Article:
In the latest New York Times Book Review Wes Enzinna reviews Michael Shellenberger’s San Fransicko: Why Progressives Ruin Cities. Mr. Enzinna, who is critical of the book, acknowledges that one in one hundred of San Francisco’s residents is homeless. Nevertheless, not surprisingly for a New York Times book reviewer, he calls the book a failure and claims that Mr. Shellenberger is waging a culture war. He concludes his full page review by claiming that “A proper accounting of California’s housing and homeless crisis remains to be written.” Although this may not satisfy Mr. Enzinna any more than did the book by Mr. Shellenberger, I know what’s wrong with San Francisco. But before I give you the answer, let me tell you a story.
One of my favorite movies is Twelve O’clock High, a World War II story of a hard luck B-17 squadron in England early in the war. The squadron commander is called onto the carpet by the wing commander, his boss, to find out why this squadron isn’t achieving its goals as are most of the other B-17 squadrons under his command. He hears a long litany of troubles: bad weather, maintenance problems, sick aircrew, heavy defenses near the target, etc. Finally the squadron commander leaves and the wing commander turns to his adjutant, General Frank Savage, played by star Gregory Peck, who sat quietly during the meeting, and asks his opinion of what’s wrong. General Savage says that what’s wrong is what’s always wrong–poor leadership. The squadron commander is a good guy–personally courageous, caring, etc–but he identifies and empathizes too much with his men. This has led to failure to hit the target, which means that his squadron must expose itself repeatedly to enemy fire to accomplish a job that should require fewer missions. This leads to even more losses and mission failure. The wing commander agrees, fires the squadron commander, and places the adjutant in charge of the squadron. The rest of the movie details the sometimes difficult steps that the new squadron commander must take to fix his squadron. Some crew are relieved of duty and sent home to the States in disgrace. Others are demoted from intermediate command within in the squadron. But some are promoted. Eventually what appears to be a brutal house cleaning plus many other changes leads to success. But the process was not without pathos. Watch the movie and see why.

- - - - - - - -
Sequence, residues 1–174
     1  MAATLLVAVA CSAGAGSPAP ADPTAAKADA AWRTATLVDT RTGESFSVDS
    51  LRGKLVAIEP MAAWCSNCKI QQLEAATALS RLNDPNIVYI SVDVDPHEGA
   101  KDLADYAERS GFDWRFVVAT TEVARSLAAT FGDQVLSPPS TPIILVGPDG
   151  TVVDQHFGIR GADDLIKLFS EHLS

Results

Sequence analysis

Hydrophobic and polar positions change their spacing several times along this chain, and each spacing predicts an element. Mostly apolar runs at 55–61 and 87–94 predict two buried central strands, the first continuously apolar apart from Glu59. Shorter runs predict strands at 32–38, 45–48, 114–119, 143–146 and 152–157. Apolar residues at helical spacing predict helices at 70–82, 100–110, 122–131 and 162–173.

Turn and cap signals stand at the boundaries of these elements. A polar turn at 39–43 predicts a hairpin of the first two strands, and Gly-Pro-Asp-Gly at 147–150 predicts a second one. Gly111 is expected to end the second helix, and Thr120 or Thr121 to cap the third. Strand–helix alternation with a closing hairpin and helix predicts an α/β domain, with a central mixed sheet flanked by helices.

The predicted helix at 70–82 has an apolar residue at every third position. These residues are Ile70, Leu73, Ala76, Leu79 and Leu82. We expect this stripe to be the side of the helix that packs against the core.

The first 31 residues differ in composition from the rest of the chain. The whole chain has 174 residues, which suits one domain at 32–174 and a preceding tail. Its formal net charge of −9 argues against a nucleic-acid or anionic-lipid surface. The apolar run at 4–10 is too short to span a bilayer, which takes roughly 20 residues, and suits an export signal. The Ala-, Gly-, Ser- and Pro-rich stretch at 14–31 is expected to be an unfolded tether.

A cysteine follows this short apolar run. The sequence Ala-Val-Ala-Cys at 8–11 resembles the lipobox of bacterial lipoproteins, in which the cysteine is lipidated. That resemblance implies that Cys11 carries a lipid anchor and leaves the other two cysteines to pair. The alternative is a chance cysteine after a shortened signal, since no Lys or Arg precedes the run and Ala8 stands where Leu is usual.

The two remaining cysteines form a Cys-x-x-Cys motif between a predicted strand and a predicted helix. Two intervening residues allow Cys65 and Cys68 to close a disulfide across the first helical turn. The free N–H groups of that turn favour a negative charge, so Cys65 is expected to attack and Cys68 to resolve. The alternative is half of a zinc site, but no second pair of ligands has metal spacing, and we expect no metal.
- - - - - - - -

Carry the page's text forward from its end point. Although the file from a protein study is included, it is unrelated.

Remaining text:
So, what’s wrong with San Francisco? The answer is simple. Leadership. Mr. Enzinna is like the failed squadron commander at the beginning of “Twelve O’clock High”. Like many others, he identifies and empathizes with the homeless and rationalizes the failures of San Francisco’s leaders to deal with the problem as something caused by a lack of a “proper accounting”. But San Francisco is no different than other, more successful, American cities of its size. Geographically it sits in one of the most hospitable parts of the country. It lacks for nothing in the way of resources, of which untold millions have been lavished upon it. The growing homeless have been tolerated, much to the chagrin of the other ninety-nine out of a hundred residents . Therefore, San Francisco needs to change leaders. In “San Fransicko” Mr. Shellenberger may not be offering the policy answers that will work, but he’s pointing out the obvious; i.e., current leadership will not solve San Francisco’s homeless problem. New leadership is required. Notice that, like the wing commander mentioned above, I do not deign to know what policies will work. I just know that the past and current leaders have failed and that new leadership is needed. There is no other option.
The change process probably will not please everyone. Nevertheless, as General Frank Savage says, the problem is always the leader.